recycling

DOGTOWN REDEMPTION

On the November 25th edition of Your Call, we’ll re-vist our conversation with  Amir Soltani about his new documentary Dogtown Redemption, which gives a voice to three recyclers in West Oakland. He’ll be joined by one of the recyclers, Landon Goodwin. 

Racing to Zero

On the September 17th edition of Your Call filmmakers from the documentary Racing to Zero join us to talk about San Francisco’s commitment to meet its zero waste goal by 2020.

Single use coffee cups

Aug 25, 2015
Laura Flynn

 

Where do you get your morning cup of coffee? Did you get it at a cafe? Use an old fashion coffee maker, or did you use a single-cup brewing machine? In 2014, single-cup brewing was the fastest growing coffee trend. But what happens to all of the waste created by those individual pods?

  

On the July 8th edition of Your Call, we’ll learn about changes in the recycling industry and how they affect what happens after you toss paper and plastic in the recycling bin.  

Zero waste in San Francisco is a 2020 vision

Jun 22, 2015
Adam Teitelbaum

“The goal is Zero Waste by 2020, and we think that is an achievable goal.”

Those words from former San Francisco Mayor Gavin Newsom back in 2009 promoted the idea of diverting all waste from landfills. It was actually an official resolution passed back in the Willie Brown Administration. Now in 2014, Mayor Ed Lee claims the city has reached 80% diversion. Whether or not that debatable claim is true, there’s a long way to go to reach the goal. So what’s it going to take to achieve zero waste by 2020?

San Francisco is considered a national leader in pro-environmental policy, advocacy, and education. And while the City is a pioneer in recycling it may be getting tougher on street recyclers who scavenge from blue bins throughout the city.

Street recycling is a growing underground economy. And it is illegal. In 2012, Supervisor Christina Olague requested a hearing looking into how much money the City was losing because of scavengers, as well as ways to prevent the practice. Ben Trefny had the story.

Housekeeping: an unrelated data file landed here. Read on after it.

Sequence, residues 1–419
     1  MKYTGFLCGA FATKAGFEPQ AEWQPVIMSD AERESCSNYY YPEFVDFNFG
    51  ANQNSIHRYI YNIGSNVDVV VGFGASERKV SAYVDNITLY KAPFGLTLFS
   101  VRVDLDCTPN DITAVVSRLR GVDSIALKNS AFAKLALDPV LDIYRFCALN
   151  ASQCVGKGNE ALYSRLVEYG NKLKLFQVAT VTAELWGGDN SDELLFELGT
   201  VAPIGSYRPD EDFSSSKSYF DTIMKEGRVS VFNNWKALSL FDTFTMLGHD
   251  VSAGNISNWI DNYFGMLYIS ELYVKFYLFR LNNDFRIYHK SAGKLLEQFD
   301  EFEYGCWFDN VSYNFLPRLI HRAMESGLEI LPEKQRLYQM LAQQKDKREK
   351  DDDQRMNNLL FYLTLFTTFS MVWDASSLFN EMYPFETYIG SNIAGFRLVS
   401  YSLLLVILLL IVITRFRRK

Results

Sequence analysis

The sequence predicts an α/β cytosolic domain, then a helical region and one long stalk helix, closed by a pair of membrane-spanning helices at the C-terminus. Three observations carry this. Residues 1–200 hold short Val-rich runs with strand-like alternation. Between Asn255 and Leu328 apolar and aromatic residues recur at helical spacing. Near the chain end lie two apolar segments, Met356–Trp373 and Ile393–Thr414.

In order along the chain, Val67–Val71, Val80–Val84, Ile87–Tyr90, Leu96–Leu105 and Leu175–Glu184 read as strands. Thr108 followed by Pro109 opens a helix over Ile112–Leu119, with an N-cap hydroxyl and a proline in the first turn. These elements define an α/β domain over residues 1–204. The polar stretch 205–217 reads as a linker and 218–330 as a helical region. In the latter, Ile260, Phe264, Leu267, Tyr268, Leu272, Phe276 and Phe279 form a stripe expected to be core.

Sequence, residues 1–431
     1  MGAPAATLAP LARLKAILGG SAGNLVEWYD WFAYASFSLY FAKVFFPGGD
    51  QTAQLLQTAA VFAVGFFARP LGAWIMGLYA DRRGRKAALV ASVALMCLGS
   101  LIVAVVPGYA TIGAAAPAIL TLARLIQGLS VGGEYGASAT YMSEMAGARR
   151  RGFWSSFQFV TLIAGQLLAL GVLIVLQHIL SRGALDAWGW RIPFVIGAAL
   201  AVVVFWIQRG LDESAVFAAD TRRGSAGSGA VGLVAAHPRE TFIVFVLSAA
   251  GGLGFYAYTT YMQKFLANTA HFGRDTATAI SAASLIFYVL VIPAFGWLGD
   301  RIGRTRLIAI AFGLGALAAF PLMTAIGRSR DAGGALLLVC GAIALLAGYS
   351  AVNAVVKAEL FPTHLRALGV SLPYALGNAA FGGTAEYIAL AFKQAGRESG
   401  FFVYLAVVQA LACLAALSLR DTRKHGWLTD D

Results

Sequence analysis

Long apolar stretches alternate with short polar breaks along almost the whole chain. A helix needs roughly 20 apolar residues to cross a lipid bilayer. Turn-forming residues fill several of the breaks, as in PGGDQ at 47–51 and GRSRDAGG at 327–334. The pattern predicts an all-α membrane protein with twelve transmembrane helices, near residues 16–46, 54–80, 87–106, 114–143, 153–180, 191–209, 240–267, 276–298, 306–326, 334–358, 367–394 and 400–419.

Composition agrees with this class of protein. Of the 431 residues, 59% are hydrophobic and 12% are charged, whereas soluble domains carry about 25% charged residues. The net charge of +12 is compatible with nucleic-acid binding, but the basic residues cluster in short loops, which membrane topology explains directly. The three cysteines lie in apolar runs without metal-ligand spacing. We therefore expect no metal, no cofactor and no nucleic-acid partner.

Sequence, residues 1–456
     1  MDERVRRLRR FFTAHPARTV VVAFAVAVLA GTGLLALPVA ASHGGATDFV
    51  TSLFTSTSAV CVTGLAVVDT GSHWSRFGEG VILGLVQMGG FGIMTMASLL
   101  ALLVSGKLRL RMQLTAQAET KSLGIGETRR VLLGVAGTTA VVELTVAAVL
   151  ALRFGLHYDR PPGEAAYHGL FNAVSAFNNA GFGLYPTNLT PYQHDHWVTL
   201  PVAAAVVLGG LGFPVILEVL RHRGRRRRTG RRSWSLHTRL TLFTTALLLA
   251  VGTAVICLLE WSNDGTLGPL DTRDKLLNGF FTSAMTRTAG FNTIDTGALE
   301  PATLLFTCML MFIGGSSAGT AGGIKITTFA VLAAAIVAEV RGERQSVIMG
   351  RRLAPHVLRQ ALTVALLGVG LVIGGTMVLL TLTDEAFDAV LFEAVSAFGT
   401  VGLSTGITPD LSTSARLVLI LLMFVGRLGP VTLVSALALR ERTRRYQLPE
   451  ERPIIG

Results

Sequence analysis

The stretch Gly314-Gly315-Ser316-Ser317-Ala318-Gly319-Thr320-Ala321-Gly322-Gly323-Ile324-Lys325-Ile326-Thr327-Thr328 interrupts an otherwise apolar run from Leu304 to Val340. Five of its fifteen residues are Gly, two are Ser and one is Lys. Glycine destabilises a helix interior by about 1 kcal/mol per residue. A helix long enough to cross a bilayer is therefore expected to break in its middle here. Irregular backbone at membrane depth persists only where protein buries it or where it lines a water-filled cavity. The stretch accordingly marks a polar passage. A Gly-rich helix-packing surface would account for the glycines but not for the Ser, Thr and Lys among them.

This story by originally aired on March 29, 2012.

Picnpull

It’s early morning and my car is rattling loudly in the parking lot of the Pick-n-Pull auto dismantler in the industrial neighborhood of East Oakland near the Oakland Coliseum.

I’m here at Pick-n-Pull to sell my beat-up 1998 Subaru Outback Legacy to the State of California under the Consumer Assistance Program, or CAP. The program buys cars that don’t pass smog for $1000, or $1500 if the owner is low income. The state wants polluting cars off the road for good and the money is a big incentive for owners to participate in the program. It’s definitely why I’m here today ready to collect my check.

One man’s trash is another's recycling

Oct 29, 2013
Judy Silber

Californians are pretty good about thinking twice before throwing things away—we divert more than 60 percent of our waste away from landfills. But what about that remaining 40 percent?

One thing you probably don’t think of when you think of hospitals is garbage. And yet, these huge institutions generate tons of garbage that goes straight into our landfills. According to this week’s East Bay Express cover story, on average it takes 33 pounds of garbage to treat each patient.  Reporter Kathleen Richards says the medical industry is one of the leading producers of waste, but has been slow to recycle.

Photo courtesy of Flickr user KayVee.INC

On June 5th, San Franciscans will be voting on many things, one of which has to do with their trash.

Since the 1930s, the company Recology has been taking care of The City’s trash and recycling, with no competition. This year, proponents of Proposition A want to change that by opening up the city's trash collection and processing services to a competitive bidding process. Other companies – even out of state ones – would have the chance to bid for the job.

San Francisco's District 5 Supervisor, Christina Olague, has requested a hearing to examine neighborhood recycling scavenging. Since 2010 Recology and the city have looked into how to stop the activity, which costs up to $5 million in revenue annually. The hearing should take place in April before the board’s City Operations and Neighborhood Services Committee...